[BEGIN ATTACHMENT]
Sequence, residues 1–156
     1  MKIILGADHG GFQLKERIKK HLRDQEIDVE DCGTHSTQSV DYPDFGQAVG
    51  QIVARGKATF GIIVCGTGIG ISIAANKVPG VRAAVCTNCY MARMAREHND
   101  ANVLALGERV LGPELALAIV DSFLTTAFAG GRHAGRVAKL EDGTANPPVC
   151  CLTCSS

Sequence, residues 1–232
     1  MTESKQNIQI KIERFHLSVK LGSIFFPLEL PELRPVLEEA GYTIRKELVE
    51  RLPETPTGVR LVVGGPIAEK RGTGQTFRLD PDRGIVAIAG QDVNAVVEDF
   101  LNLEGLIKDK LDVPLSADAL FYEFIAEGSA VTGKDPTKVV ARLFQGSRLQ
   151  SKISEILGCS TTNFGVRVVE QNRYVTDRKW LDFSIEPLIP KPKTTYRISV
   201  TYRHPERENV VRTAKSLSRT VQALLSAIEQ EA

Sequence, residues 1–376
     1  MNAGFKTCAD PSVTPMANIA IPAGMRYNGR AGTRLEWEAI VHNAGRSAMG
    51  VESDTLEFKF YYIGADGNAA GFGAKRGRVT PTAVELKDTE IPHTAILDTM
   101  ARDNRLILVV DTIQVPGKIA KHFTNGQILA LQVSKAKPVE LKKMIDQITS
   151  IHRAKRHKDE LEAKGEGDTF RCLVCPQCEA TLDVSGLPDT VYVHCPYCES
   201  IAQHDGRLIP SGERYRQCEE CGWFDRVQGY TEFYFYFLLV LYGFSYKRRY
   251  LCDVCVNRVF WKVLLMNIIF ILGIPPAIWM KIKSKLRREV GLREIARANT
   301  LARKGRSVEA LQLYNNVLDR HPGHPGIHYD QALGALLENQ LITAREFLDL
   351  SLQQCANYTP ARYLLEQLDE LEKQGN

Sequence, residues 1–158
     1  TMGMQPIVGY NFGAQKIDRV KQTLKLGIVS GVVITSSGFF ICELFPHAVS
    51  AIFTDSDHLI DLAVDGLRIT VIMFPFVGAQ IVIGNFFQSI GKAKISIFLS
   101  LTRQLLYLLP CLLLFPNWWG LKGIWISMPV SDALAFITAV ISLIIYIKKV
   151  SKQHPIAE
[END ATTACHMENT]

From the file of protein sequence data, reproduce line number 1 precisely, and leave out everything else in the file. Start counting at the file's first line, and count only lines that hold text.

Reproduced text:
Sequence, residues 1–156